This prayer addressed to the Virgin Mary is the oldest hymn in which her role as Mother of God is proclaimed. It appears in a Greek document from the year 250, so it is highly likely that this prayer was already being recited prior to that date. The Greek word Θεοτόκε leaves no doubt about Mary’s true motherhood.
Those were times of persecution for all Christians. The temple in Jerusalem was destroyed and burned by the Romans in the year 72, and all of the Lord’s disciples were scattered throughout the known world at that time.
Saint Paul preached the good news in Greece, where there were several thriving communities. He preached to the Corinthians, to whom he wrote two epistles, together with the one he wrote to the Thessalonians, around the year 60.
Before the Constantinian peace in 312 AD, everything was adverse for Christians. It was a difficult time of catacombs, martyrs, and exoduses. These early Christians were communities that had received the message directly from the apostles or from those whom the apostles had converted to Christianity, and they held the message dear.
Their proposals were rejected as scandalous by the Jews and as foolishness by the Gentiles. Nothing seemed to be in their favor, at least on the surface.
It is no wonder that in those circumstances, they turned to Mary. When everything seems to be collapsing… “Sub Tuum Praesidium”… we fly to your patronage. Seeking patronage under Mary’s mantle denotes the assurance that whatever may happen to them is a gift from their Mother; and the confidence that She is the Strong Woman of the Apocalypse who crushes the head of the dragon. The word praesidium has to do with shelter, with that atmosphere of constant struggle in which those early Christians lived.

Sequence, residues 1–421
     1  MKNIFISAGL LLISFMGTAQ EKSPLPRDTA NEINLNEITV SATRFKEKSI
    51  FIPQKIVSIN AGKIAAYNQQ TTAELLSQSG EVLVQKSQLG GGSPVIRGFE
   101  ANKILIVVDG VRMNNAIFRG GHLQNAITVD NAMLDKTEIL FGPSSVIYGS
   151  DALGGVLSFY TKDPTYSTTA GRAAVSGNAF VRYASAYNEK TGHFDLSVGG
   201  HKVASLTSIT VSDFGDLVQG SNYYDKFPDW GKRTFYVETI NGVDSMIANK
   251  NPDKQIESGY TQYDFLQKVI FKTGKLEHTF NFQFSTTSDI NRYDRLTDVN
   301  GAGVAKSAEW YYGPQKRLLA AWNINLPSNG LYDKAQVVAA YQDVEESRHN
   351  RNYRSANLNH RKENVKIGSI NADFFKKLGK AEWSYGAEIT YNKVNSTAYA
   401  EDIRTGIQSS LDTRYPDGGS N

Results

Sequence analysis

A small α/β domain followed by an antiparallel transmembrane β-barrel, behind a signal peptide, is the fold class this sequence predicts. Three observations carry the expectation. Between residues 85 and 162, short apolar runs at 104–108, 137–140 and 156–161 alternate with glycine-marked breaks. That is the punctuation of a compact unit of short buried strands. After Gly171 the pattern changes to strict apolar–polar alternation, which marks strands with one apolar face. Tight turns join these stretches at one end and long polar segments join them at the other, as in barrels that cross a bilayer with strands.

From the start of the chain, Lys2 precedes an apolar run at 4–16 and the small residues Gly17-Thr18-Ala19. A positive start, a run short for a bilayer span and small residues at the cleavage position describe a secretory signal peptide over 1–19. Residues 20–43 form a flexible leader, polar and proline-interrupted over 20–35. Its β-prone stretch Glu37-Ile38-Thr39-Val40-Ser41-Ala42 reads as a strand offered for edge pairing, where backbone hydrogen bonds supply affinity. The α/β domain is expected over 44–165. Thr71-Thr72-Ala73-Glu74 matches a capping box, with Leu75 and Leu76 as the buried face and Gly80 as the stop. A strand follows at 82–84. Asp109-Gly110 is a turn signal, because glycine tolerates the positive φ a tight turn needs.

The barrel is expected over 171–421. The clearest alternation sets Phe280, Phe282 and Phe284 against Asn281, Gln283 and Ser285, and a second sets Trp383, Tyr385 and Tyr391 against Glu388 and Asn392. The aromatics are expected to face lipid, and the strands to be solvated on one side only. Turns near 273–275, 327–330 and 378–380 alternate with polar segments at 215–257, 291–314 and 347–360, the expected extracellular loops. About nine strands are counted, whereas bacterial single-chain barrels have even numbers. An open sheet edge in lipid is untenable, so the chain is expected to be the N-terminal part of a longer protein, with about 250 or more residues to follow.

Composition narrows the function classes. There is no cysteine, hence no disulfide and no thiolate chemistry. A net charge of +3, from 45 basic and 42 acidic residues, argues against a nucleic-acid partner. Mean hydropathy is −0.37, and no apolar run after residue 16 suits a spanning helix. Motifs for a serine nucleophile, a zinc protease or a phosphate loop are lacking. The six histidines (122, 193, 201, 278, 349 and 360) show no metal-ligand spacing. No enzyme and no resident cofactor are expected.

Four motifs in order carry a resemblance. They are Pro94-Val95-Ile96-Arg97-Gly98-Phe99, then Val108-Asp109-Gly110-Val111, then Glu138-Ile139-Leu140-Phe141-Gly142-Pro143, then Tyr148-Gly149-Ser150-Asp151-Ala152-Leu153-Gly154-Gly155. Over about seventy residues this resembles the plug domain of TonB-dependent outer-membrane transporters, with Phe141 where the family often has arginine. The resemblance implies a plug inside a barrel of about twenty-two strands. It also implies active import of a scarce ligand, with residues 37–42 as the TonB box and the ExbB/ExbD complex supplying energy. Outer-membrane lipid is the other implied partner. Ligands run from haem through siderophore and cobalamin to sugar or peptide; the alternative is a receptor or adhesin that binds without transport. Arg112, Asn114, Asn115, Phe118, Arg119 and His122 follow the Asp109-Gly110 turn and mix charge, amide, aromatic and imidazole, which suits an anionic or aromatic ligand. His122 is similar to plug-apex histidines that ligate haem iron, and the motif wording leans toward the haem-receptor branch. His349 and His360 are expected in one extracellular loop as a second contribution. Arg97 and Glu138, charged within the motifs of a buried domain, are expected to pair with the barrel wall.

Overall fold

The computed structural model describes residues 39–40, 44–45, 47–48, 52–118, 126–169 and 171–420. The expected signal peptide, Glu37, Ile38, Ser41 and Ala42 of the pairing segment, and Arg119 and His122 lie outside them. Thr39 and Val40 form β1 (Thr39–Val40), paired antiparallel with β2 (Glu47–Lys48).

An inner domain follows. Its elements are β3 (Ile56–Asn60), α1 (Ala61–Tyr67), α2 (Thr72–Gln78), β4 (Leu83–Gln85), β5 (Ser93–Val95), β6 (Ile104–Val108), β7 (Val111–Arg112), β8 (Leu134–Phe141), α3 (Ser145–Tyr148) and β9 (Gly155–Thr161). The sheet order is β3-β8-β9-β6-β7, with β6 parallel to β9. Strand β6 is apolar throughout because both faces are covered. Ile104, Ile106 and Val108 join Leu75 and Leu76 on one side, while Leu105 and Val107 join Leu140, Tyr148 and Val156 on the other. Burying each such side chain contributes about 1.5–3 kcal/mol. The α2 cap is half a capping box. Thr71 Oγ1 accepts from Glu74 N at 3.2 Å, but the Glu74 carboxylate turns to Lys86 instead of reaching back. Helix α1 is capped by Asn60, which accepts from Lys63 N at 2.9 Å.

They addressed her as Θεοτόκε, as Mother of God. Not only as their mother but as the most powerful and kind Mother in all of history, the one who wins battles and welcomes us and embraces us like a mother comforting her frightened child. “Do not be afraid,” she tells us.
The prayer continues. “Do not despise our petitions in our necessities.” This is what a child asks of its mother with the trust that it will obtain what it seeks. “Mom, water. Mom…”.
And like young children, they also ask her to deliver them from all future danger, and they ask with an endearing phrase, with a brief prayer: “Glorious and blessed Virgin!”
What a precious gift those early Christians bequeathed us as they defended the faith with their lives! “We fly to your patronage…” and what inner happiness they received from their Mother to stand firm in the faith.
By Domingo Aguilera
Ὑπὸ τὴν σὴν εὐσπλαγχνίαν,, καταφεύγομεν, Θεοτόκε.
Τὰς ἡμῶν ἱκεσίας,, μὴ παρίδῃς ἐν περιστάσει,,
ἀλλ᾽ ἐκ κινδύνων λύτρωσαι ἡμᾶς,, μόνη Ἁγνή, μόνη εὐλογημέν
Sub tuum praesidium
confugimus, Sancta Dei Genetrix;
nostras deprecationes ne despicias in necessitatibus;
sed a periculis cunctis libera nos semper, Virgo gloriosa et benedicta
We fly to your patronage,
O holy Mother of God; despise not our petitions in our necessities,
but deliver us always from all dangers, O ever glorious and blessed Virgin!7